Running tap water is a simple and inexpensive way you can take to protect your family's health. Running the water usually uses less than one or two gallons of water and costs approximately $1 per month. To help reduce these costs, you can also fill a couple of bottles for drinking water after running the tap the first time. Another way to conserve water is to use the first run of water for plants, household cleaning or for other purposes that do not involve cooking and drinking.

Can I get my water tested for lead?

Yes. In the event that someone is still concerned after following all of these safety precautions, DEP offers a free lead testing kit. Call 311 or fill out an online form to request a self-guided lead testing kit that will be mailed to your home.

My neighbors got their water tested and found lead. Is my water safe/are my test results accurate?

Each home should be tested separately for lead. Lead usually gets into tap water through contact with plumbing materials such as lead pipes or lead solder, or faucets, valves, and fixtures made of brass (brass contains some lead). Since each home has different plumbing pipes and materials, test results are likely to be different for each home.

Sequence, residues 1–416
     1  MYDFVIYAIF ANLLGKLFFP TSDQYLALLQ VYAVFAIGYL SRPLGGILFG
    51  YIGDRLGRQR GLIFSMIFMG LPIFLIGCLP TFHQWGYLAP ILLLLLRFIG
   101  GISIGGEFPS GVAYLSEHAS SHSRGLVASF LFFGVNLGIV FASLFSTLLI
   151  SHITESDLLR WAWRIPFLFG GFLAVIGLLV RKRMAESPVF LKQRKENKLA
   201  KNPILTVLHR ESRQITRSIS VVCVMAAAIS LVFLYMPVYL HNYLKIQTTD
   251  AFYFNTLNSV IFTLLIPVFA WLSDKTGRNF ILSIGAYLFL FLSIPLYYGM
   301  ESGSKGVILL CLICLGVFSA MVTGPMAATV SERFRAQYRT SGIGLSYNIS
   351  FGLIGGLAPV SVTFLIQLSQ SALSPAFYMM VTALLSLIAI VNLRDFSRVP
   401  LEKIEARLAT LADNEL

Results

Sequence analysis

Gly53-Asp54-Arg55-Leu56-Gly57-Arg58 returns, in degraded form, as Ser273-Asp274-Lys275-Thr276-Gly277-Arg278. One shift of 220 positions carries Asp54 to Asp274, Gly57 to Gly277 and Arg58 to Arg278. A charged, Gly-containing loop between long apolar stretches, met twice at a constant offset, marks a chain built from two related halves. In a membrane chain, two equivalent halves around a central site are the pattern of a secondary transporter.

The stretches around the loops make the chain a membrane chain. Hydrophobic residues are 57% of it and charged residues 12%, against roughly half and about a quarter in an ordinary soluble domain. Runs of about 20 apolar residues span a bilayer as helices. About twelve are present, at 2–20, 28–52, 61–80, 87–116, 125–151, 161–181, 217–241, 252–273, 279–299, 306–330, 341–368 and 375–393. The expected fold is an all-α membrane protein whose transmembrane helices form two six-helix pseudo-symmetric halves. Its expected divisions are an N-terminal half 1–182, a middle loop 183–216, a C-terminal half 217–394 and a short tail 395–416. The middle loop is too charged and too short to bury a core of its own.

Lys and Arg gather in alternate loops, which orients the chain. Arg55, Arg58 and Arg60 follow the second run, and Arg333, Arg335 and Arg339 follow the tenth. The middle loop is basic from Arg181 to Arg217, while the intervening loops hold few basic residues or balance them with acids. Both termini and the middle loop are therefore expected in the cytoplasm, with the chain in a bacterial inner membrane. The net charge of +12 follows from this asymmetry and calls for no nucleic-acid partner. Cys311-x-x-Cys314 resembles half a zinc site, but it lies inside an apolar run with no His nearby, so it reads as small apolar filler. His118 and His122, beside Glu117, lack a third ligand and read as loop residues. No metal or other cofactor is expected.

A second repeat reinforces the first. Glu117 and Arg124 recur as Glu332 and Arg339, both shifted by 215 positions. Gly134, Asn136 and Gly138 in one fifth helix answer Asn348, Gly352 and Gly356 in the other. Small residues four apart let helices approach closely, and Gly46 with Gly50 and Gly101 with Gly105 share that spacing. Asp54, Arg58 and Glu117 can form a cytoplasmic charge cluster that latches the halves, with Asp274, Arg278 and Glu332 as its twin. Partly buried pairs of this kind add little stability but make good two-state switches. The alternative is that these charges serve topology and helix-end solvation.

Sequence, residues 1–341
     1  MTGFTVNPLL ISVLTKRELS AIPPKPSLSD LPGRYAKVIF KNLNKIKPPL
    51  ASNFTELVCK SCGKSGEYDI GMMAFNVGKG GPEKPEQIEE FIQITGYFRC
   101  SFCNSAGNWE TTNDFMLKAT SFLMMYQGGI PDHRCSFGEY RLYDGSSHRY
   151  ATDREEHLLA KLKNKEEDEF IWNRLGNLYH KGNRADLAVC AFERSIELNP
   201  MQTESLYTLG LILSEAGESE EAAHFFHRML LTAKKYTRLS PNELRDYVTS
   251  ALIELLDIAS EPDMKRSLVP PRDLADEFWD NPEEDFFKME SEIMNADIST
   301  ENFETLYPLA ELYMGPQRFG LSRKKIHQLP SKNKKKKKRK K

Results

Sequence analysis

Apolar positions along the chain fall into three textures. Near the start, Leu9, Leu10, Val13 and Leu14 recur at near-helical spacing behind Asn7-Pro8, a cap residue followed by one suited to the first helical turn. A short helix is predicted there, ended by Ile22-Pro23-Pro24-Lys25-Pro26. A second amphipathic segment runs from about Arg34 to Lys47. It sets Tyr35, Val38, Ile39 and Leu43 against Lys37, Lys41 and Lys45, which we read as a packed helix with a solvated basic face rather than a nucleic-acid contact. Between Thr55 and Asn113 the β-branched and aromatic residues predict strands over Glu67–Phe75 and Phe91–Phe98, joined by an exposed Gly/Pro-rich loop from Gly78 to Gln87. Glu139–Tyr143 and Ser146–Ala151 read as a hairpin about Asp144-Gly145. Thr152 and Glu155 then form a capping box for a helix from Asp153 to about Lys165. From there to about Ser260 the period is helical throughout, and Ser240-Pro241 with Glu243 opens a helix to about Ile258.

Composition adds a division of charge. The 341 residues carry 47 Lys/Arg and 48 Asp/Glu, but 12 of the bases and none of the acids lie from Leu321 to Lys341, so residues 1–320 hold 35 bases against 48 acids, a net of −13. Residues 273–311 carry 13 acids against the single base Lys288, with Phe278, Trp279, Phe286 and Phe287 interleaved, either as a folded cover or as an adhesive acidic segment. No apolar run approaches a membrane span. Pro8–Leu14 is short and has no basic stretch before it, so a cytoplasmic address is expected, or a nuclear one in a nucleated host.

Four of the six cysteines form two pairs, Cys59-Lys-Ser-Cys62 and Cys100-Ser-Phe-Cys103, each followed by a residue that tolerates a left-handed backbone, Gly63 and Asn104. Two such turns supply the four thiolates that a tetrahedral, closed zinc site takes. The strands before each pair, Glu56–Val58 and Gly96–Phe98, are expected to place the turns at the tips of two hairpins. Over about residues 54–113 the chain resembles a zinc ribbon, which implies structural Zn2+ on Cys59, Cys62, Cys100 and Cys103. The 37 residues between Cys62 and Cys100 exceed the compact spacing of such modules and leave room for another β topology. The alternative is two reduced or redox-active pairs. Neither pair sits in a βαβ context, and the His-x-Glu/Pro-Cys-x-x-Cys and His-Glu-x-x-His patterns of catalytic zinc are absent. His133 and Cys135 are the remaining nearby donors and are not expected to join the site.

Is there anything else I can do about lead in water?

Individual property owners have the option to replace pipes and fixtures containing lead with lead-free pipes and fixtures. In addition, sometimes lead and sediment can build up on the individual screens at your faucets. To clean them, take off the faucet strainers from all taps, remove all debris from the strainer screen and run the water for 3 to 5 minutes. After that, periodically remove the strainers and run the water to flush out any debris that has accumulated.